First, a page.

Every morning when I go out to water my potted plants and the remnant’s of the chamisa bushes that were sacrificed during the process of building I meet the lizards. I have two kinds – sagebrush lizards and the desert grassland whiptails. Both of these reptiles appear to enjoy my company as much as I enjoy theirs, or perhaps they are just waiting for the water to start flowing.
This morning when I planted a few coyote gourd seeds in a hole that I had recently dug, a whiptail lizard emerged like magic from somewhere under the house delicately positioning himself at the edge of the water logged hole for a drink. In the early morning light his stripes shimmered in the sun. The annoying thing is that I never have a camera with me to capture these morning antics, but I look forward with anticipation to seeing these lizards scurrying about every single day.
Desert grassland whiptails are very long and slim, with a thin tail that is longer than their body length. The most distinct identifying feature of these lizards are the six yellow lines – some very bright – that run the length of their bodies. The remainder of their bodies tend to be olive or brown with tails that are faded blue or gray. Curiously, an adolescent’s tail is a very bright and vibrant blue so I am always on the look out for the young ones. Whiptail bodies are lined with small coarse scales, which gradually get larger towards their tails. The scales on their bellies are larger and smoother.
Desert grassland whiptails are found in the deserts of southern to central Arizona and along the Rio Grande River in New Mexico. They are also found in the deserts of northern Mexico. A. uniparens is commonly found in low valleys, grasslands, and slight slopes. Some have argued that the species’ range is expanding due to overgrazing. They are scarce in developed areas, especially where homeowners keep livestock.
One amazing fact is that all desert grassland whiptail lizards are female! Strangely, researchers note that a kind of pseudo-copulation occurs which promotes fertilization during ovulation. The lizards reproduce by parthenogenesis, but offspring do not necessarily have the same chromosomes as their mother. This is because the lizards start off with twice the amount of chromosomes as would be found in sexually reproducing individuals. Diversity is maintained by combining sister chromatids which have the same origin but different functions.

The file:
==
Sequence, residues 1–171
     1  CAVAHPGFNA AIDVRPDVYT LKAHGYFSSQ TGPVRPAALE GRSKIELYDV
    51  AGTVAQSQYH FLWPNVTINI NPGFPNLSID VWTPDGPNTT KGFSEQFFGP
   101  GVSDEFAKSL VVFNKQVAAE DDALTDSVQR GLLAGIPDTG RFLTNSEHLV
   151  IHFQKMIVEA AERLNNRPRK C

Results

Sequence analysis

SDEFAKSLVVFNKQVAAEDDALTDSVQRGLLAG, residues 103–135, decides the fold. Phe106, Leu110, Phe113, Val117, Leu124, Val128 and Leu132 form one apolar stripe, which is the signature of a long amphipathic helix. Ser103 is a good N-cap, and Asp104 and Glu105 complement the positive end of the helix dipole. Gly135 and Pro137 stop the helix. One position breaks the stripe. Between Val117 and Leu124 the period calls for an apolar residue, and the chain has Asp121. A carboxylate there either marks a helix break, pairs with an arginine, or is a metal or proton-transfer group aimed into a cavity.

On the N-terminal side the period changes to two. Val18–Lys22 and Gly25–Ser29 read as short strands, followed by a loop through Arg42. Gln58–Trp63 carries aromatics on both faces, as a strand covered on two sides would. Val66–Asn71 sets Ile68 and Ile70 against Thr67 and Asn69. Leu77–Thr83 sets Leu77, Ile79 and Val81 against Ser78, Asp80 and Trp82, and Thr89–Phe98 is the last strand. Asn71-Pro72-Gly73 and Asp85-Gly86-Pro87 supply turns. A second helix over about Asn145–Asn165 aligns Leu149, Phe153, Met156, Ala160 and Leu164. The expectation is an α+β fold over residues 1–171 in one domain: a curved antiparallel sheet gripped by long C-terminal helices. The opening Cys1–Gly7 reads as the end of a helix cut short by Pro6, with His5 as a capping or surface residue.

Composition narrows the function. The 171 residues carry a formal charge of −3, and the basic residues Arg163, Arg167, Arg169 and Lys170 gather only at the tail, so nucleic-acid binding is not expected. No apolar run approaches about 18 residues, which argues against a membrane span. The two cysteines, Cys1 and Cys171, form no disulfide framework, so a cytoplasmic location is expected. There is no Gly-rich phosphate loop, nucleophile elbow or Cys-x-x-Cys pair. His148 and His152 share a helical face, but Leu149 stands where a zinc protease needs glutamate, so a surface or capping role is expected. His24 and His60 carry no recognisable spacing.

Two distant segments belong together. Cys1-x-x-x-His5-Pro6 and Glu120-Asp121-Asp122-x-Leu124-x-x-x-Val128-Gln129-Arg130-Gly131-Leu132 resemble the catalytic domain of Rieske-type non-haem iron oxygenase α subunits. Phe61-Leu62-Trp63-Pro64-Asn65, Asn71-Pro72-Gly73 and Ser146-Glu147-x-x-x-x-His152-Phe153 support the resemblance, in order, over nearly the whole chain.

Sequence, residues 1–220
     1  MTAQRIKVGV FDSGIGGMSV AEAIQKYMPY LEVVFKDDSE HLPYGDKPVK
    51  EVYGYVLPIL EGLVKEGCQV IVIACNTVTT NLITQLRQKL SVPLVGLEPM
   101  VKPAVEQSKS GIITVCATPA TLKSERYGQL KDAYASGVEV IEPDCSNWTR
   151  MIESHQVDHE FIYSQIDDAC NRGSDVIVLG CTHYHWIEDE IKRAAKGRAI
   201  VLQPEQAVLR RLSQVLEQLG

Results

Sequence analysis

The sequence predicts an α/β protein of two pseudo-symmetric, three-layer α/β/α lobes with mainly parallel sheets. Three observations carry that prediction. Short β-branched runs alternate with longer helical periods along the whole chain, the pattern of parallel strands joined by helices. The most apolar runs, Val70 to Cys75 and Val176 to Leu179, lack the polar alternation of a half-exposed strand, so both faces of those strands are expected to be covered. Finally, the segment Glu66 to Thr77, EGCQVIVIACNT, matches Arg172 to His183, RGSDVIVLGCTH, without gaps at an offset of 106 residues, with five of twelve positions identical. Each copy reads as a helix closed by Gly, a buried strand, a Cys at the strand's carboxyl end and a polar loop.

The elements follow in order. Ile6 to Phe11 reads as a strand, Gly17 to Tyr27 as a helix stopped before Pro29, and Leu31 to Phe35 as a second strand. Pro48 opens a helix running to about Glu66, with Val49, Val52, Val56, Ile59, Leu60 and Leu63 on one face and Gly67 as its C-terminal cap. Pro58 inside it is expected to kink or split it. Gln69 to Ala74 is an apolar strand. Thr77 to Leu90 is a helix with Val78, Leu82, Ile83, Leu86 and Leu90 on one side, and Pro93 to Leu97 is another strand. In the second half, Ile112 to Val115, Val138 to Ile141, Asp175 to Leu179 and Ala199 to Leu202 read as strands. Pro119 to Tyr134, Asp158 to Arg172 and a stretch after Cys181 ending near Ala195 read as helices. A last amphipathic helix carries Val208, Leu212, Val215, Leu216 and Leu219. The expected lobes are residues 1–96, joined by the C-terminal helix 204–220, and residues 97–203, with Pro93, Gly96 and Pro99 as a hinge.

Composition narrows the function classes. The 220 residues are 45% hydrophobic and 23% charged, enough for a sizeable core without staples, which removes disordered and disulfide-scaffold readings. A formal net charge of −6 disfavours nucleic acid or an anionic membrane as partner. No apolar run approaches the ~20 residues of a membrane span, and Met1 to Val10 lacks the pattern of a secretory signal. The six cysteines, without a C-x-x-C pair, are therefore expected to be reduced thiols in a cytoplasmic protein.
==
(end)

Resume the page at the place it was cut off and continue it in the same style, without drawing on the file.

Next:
Whiptails eat spiders, termites, ants of all kinds, beetles, and short-horned grasshoppers. These food habits make them very appealing to gardeners like me who don’t use any toxic chemicals to prevent insect infestations of any kind. Whiptails are constantly in motion! They often run upright on their hind legs, giving them the appearance of miniature dinosaurs! They also swivel their heads frequently from side to side, taste the air with slender forked tongues, and use their pointed snouts to probe the ground as they forage.
Their speed, and agility help them outmaneuver predators such as thrashers, roadrunners and snakes. One of my Chihuahuas, Lucy, is fascinated by them and always tries to chase them into the cottonwood leaves! Did you know that these lizards can sprint up to fifteen miles per hour (as fast as a roadrunner)? Whiptail lizards can also escape capture by sacrificing their tails (when grasped, their tail breaks easily along a fracture plane in the vertebrae). The disembodied tail wriggles violently, which startles and distracts the predator while the lizard dashes to safety.
Whiptails are wily creatures, beautiful to look at, and fun to watch. They do seem to enjoy scurrying around my feet as I water. I always talk to them, and when I do they watch me and listen with apparent curiosity. In my opinion, paying close attention to these little characters will bring joy into your day!